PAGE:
Steps and Missteps

I broke my foot in January, just days before the Polar Vortex roared into Chicago. Fortunately, my children were home that day and heard my cry for help. They appeared at the top of the staircase very confused and slightly frightened and found me in a heap at the bottom of the steps, clutching my throbbing foot. Immediately all three ran down and helped me shimmy up and back inside our home. In their capable pre-teen and teenaged embrace, I was aware of how awkward it was that the tables were turned and my children were helping me when I'd fallen. 

My kids instructed me to prop up my foot, they brought an ice pack and then carefully wrapped my foot in an Ace Bandage. When my husband returned from work, he brought me to the ER, and there I found out that the foot was indeed broken and I'd need to stay off of it for many weeks and maybe months. 

When I awoke the next day to the bitter cold, I secretly rejoiced about the coincidentally fabulous timing of my foot break and the Polar Vortex. As the temperatures dropped below negative teens, my family would be home to help me for a few days. This was a win-win. I felt lucky to bask in their warm and fuzzy embrace, and they were happy to be home for an unexpected time off from school and work. For a few days I was a novelty and everyone seemed happy to help bring me food or drink and hang out and chat. My people were even willing to walk the puppy that I'd brought home a few months earlier announcing that he was my puppy and I'd happily (always) be the designated walker. 

Two days of Arctic temperatures rocked Chicago, and as soon as the temperature reached single digits -- which was considered a thawing -- everyone returned to their regular routines. Snuggling together under cozy comforters and having my every need met became a distant memory. I'd enjoyed the status as Queen Mother in Need, but now I was left alone. Alone with the puppy that needed walking and alone with the broken foot that I suddenly realized was actually quite painful. I panicked that first morning as I sat in bed, cold and coffee-less, wondering how suddenly, life seemed to be proceeding without me, and how I was going to do my job, my chores, all I did for everyone else, and live my life without my helpers. 

Throughout this time, I felt physically awful and was full of self-pity. Poor me. Poor me, who waits all day for my helpers to return home in the afternoon. Poor me who couldn't figure out how to get the milk to the coffee while walking on crutches. Poor me who couldn't even go out for fresh air as the ground was covered in thick ice and fresh snow for weeks on end. This nasty Polar Vortex seemed to be moving in long-term, and it didn't care one bit about me and my broken foot. 

As the days wore on and my personal cloud of misery lingered overhead, I somehow managed to gain perspective. I reminded myself that I was better off than many and certainly better off than most patients I'd seen in the doctor's office on my last visit. I had only a broken foot and it would soon heal, and I would then get back to life as usual. I began physical therapy, began to bear weight on my foot and as I hoped, the weight of my injury seemed to diminish. The world outside my home, although still frozen, started to energize me, and encouraged me to embrace my recovery. With this new energy, I shifted focus away from my own needs and toward my family and my clients and other responsibilities of my work life.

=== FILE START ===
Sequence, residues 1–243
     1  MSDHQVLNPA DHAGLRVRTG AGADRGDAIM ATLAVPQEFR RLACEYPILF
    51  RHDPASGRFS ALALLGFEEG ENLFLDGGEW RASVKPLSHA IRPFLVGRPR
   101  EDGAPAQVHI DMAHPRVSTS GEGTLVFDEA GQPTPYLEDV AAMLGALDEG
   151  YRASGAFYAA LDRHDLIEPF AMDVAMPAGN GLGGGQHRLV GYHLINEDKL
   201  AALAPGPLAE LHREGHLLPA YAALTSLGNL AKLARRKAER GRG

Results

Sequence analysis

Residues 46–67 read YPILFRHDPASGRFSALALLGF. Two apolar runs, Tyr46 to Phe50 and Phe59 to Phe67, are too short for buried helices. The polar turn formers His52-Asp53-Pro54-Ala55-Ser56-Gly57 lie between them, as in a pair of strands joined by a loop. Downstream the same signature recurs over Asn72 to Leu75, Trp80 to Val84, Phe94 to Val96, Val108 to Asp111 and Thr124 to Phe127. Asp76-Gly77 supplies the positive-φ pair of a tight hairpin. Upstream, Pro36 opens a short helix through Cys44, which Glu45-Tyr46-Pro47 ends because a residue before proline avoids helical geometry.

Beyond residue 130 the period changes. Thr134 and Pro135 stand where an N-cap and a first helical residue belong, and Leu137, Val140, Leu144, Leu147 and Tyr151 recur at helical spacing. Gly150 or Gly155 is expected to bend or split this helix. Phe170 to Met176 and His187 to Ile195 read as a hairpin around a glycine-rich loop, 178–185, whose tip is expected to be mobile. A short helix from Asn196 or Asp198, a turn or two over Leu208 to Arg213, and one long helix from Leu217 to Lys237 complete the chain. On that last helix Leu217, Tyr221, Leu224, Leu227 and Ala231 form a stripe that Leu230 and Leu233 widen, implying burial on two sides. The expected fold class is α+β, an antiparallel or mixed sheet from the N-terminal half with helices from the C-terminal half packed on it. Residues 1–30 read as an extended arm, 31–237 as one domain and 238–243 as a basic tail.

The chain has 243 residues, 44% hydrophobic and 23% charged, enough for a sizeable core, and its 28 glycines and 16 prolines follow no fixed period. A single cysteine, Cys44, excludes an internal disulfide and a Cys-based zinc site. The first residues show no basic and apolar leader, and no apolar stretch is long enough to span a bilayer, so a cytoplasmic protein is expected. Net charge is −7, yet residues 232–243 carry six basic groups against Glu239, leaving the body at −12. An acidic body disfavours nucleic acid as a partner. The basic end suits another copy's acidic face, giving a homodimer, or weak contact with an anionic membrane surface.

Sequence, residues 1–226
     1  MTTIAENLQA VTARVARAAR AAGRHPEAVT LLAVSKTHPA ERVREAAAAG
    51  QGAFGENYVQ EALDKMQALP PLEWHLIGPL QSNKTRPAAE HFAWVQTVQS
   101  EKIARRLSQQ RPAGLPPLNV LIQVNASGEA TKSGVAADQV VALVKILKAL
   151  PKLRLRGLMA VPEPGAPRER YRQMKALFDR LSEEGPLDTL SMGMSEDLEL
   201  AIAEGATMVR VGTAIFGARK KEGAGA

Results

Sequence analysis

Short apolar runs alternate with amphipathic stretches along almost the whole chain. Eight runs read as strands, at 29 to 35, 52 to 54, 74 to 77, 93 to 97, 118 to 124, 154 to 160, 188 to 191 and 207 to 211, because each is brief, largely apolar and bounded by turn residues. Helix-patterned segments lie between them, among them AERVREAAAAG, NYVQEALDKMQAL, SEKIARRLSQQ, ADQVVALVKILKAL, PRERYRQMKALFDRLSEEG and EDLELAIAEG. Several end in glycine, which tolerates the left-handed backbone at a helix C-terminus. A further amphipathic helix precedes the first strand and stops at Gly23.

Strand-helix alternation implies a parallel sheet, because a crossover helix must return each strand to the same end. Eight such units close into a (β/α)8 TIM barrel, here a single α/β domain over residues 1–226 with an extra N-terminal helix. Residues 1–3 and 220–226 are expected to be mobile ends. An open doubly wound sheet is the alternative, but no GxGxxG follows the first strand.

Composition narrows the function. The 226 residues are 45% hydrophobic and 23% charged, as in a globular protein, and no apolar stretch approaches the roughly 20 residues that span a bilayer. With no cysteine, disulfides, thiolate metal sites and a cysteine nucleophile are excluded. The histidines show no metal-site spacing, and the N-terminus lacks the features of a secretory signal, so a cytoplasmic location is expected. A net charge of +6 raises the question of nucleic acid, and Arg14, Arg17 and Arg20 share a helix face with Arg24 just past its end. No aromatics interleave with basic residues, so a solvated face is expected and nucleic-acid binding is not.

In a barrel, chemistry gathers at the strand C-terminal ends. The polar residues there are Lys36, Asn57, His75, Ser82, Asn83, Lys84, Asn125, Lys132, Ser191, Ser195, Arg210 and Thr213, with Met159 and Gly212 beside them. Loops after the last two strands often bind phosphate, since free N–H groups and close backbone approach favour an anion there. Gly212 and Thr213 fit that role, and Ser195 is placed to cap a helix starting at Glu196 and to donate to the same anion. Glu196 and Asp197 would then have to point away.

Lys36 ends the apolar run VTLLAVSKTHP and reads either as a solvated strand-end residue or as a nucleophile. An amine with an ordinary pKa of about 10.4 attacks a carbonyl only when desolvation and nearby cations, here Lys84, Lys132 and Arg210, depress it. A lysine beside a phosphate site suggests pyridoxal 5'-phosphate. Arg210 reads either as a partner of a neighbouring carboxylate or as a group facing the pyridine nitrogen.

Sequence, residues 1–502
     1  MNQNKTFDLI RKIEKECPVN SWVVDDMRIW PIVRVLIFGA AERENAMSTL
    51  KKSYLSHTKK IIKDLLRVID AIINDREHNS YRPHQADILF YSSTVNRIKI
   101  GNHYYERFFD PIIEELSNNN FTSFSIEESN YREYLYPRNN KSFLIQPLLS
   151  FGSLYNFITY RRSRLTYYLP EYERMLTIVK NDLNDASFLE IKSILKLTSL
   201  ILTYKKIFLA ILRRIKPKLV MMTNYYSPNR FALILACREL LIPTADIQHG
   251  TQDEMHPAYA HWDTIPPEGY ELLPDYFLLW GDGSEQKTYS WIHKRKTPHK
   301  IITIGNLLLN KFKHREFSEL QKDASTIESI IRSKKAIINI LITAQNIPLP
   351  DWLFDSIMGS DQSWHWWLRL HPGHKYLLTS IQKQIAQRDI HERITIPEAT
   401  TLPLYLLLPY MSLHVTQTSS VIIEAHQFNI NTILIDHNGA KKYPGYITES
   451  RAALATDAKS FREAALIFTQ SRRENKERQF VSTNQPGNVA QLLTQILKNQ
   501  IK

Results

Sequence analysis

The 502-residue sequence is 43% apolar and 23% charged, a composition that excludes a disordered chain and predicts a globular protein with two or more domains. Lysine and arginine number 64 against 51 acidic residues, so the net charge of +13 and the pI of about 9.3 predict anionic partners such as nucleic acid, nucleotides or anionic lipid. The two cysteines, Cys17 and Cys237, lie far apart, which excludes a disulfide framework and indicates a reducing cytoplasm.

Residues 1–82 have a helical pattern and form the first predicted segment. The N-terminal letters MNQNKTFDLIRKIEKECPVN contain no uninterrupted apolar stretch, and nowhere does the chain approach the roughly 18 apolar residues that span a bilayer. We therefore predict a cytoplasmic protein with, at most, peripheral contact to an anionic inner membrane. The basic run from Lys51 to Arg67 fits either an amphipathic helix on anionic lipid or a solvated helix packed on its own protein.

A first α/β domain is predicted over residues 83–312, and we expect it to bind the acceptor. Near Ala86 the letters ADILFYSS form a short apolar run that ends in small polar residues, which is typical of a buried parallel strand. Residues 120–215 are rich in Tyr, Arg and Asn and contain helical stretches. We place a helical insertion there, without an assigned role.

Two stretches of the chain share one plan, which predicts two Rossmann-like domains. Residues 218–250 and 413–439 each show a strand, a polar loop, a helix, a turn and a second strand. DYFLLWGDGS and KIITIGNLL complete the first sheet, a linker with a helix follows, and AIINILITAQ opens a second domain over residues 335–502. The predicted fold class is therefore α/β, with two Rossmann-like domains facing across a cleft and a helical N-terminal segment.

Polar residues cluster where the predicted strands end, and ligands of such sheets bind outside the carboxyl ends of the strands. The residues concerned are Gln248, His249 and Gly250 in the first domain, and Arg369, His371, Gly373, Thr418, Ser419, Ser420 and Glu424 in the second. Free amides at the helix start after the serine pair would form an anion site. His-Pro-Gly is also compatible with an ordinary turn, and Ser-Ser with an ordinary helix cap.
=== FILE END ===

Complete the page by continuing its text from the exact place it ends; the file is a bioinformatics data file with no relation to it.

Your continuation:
As my awareness returned, so too did the realization of my luck and of the lack of luck an older adult can experience when they have a similar break or a bruising fall.

I had the strength and the desire to return to life as usual, as many older adults have. However I am a relatively young woman and as such, I was expected to recover, and to return to life as usual. I was expected to return to my independent lifestyle, and encouraged by everyone to do so.

Expectations often differ for those whom we consider "old."

Recovery, I realized, not the accident itself, is where tensions surface and arguments occur between older adults and their loved ones. Recovery is the time when families panic. The adult child who is uncomfortable or maybe feeling guilty that they can't be closer in, may start to get anxious about mom or dad living alone, living across the country or an ocean away. And this is understandable. Who wouldn't want to try to prevent their loved one from falling into a more serious or life threatening situation?

But we must not lower our expectations of someone's return to normal life just because an older person has fallen. They may fall, but when they do, our job is to offer them a hand up, and that hand should not be attached to conditions or control. We need to suspend our judgement and be as supportive as needed. We need to listen and hear what our loved ones are telling us.

Only after we have listened should we gently ask questions. We may remind ourselves that our parents are still the ones who have made countless decisions throughout their lives; many of those were good and sustaining, and helped us and them achieve important life goals.

In old age, decisions are made based on a sage well of experience, seeing family and friends make similar choices and decisions before us. When we can take a step back and hold our tongue, our loved ones will either choose more help or choose to fall. If they fall again, as painful as it may be for us to watch, our job is to continue to love and support and bring coffee when needed. And then listen some more, and have another respectful conversation. And then another.